The Strangest Thing Happend.....

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Mar 19, 2006
Ok, a while back I cut about 4 inches off my rear quarter panels to get rid of the rust. Still no welder so they are open to the elements. Anyway I am driving down the hwy and I turn and look over my shoulder and the head liner is filling up like a baloon, almost touching the honda 3 wheeler I had in the back, I am talking stretched like 9 inches down from the roof, so I slow to a stop to check it out and zip it sucks back up to the roof. I have a picture on my other camera I will try and upload tomorow from work. I have read numerous threads that say the headliner is a B*&^%, I am wondering if I could make a small cut or two or three and spary some of that tacky upolstery glue in there and press it into place. Or maybe just poke some holes in it to allow it to vent.
that is odd, no not the 3 wheeler in the back, but the ballooning headliner. My fj60s rear quarterrs are open to the elements and all i get is a cab full of dust during dirt road trips. Do you have the cloth or vinyl headliner?

I dont think you will want to cut it. I do n't think you can cut a big enough hole to allow all the air to flow out, while keeping a decent looking headliner. I can see how the headliner could be a beast to replace since it is stretched pretty tight between the sides.

You should be able to get to it from where ever the air is getting in.

If it were me, I would use an air hose and find where the air is entering the head liner. Once I found it I would use some 3-M contact spray and apply it while using the air hose.
I am preaty sure the air is coming in through the bottom of the quarter panels. And I hear you about the dust on dirt roads, I provide my passengers with masks so they can breath...
a simple solution for the open quaters w/o welder

On top of welding in a plate on my cut quarters, I filled the bottom of the quarters with that expanding foam stuff.

I could see just making a cardboard template, maybe spray silicon on it, tape it up good to the body, then fill in the bottom of your quarters with foam. The cardboard should release because the foam won't stick. Make sure you clean the inside of the quarters good with like laquer thinner so the foam will stick good
Just a caution, for what it's worth, on using the expanding foam...I've read here and other forums where it has been said that the expanding foam traps moisture.
don't add the foam. It promotes rust and we all know about rust.

I'll find a picture'


x3 on the no foam. It is an open cell foam material so it absorbs water and holds it against the metal causing it to rust extremely quick. Hence what Lunyou posted.
hmmmm, that's the Great Stuff they sell at places like Home Depot?

I woulda figured something used to seal against wood doors, windows, jambs, etc... wouldn't retain water, as that would also rot the wood rather quickly..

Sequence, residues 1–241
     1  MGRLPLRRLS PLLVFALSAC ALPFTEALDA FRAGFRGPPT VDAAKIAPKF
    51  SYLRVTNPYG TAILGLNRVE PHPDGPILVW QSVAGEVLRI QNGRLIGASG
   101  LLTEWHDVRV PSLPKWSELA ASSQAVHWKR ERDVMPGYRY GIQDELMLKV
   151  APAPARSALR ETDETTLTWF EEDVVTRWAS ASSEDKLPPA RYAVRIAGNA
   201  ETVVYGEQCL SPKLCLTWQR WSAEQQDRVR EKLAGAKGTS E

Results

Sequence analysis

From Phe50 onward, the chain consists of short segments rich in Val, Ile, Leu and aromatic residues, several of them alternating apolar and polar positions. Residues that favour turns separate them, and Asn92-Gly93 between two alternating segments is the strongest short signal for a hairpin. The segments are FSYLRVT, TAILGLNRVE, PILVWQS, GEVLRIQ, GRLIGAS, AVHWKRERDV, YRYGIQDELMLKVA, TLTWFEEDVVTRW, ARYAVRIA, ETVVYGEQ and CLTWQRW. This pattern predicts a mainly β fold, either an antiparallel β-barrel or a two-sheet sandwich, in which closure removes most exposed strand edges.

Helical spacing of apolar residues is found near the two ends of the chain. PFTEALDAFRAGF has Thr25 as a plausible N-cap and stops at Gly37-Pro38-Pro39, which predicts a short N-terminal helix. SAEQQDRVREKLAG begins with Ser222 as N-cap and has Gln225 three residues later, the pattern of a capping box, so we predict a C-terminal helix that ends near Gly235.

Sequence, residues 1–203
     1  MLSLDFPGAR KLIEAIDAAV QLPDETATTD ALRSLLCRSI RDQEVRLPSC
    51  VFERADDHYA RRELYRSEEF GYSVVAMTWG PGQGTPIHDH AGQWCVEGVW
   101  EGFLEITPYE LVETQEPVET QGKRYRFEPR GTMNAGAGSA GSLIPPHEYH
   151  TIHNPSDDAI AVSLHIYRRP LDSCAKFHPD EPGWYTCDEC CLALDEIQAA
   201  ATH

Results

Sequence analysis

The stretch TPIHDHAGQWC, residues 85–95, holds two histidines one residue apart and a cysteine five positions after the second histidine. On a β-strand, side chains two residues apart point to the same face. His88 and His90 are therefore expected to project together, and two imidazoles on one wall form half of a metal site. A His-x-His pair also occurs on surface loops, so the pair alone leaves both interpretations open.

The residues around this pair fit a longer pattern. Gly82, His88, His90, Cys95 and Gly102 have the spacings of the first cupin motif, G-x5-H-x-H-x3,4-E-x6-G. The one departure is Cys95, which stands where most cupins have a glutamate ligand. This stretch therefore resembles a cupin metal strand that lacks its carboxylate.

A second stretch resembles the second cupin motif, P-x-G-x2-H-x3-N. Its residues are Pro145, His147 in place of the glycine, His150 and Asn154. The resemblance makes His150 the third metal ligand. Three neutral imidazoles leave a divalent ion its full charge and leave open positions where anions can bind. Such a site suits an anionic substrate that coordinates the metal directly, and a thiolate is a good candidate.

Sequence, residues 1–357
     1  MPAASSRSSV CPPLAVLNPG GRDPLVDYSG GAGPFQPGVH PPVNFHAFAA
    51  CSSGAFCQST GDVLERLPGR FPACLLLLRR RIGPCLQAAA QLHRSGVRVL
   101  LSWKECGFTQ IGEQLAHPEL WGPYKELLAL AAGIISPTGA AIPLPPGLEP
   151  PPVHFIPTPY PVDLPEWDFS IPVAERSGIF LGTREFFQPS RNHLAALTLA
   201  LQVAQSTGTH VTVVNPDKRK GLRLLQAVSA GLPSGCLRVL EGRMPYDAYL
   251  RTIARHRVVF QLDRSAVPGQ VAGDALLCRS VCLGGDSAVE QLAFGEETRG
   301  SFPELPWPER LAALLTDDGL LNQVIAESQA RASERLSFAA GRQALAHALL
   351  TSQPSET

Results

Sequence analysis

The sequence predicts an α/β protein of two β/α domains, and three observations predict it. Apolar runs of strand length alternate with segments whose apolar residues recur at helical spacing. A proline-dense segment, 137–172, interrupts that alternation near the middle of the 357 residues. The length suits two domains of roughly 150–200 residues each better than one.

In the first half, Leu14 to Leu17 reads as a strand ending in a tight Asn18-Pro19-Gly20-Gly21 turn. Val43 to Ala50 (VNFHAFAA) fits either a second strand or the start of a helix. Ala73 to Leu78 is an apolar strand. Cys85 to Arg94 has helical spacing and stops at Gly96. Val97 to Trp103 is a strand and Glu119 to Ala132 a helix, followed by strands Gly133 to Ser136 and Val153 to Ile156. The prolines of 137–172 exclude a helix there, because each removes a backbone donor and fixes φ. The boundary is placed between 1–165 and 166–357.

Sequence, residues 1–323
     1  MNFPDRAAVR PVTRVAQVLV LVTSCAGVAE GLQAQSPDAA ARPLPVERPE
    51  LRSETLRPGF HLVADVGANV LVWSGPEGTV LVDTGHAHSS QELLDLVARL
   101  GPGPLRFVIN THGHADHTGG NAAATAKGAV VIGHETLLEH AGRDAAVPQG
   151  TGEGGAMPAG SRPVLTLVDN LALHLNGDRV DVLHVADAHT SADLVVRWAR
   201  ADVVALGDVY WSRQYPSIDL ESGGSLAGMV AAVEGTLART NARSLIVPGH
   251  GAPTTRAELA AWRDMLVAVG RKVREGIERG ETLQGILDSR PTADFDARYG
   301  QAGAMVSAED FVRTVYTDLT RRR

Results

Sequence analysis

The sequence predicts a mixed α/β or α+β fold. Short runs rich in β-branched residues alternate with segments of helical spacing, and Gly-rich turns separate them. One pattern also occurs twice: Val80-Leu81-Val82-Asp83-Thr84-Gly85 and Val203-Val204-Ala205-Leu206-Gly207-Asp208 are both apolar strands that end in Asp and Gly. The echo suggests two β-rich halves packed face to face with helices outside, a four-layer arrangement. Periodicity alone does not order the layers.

You guys got me thinking, so I checked out the Great Stuff website:

There are two key differences between latex foam and GREAT STUFF™ polyurethane foam sealant:

Latex foams are typically "open cell" and, as a result, can take on water. In fact the same properties that allow you to wash latex foam off your hands with water also mean that the cured foam can absorb water. This can cause wood rot or deterioration in areas where wet latex foam is next to wood, such as a window frame. In contrast, GREAT STUFF™ is closed-cell foam. It forms a water-resistant outer skin when cured.

Latex foam does not expand. GREAT STUFF™ expands to thoroughly fill all voids and cavities making it an ideal air-sealant
Great Stuff WILL expand. I have had it expand too much around windows and doors to the point where the window or door will not open or close. So, don't get too carried away with the application or it might bulge out your metal panels.
Thanks for the foam idea, I will pick some up after work, Hope to sell the 40 soon so I can buy a welder.
There are different types of great stuff foam. There are two, maybe three expansion levels. Many people use the "gaps and cracks" level on doors and windows which is a problem, cause it expands alot. There is low expansion foam for places that you don't want the foam to grow "too much."

But skipping foam, why don't you find someone with a welder the fill your holes in the quarter. There are lots of guys on here or try your local tlca chapter to find help. Who knows, it could be free help:cheers: .
if I didn't have a welder and needed to cover a hole I would bend the metal to have tabs on each end and use structral body epoxy, holds just as good as a weld. But no chance of rusting.

All the body shops use this stuff.

Second choice would be pop rivets. Then painted over the rivets.
I like to do these thisngs myself, If I wanted to spend money to have someone fix my rig I would by a jeep...I will get a welder soon, looking for temp fix.

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